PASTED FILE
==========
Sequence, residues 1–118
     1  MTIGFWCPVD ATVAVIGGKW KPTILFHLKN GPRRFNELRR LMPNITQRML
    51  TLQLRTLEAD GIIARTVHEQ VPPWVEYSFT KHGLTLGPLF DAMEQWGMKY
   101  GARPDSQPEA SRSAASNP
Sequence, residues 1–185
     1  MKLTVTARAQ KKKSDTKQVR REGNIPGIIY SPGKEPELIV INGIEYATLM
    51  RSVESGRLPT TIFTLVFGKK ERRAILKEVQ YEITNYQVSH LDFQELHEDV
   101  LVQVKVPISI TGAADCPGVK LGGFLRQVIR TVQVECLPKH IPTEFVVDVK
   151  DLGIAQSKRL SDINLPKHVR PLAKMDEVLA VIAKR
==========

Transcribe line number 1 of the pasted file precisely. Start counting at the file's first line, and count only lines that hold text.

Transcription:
Sequence, residues 1–118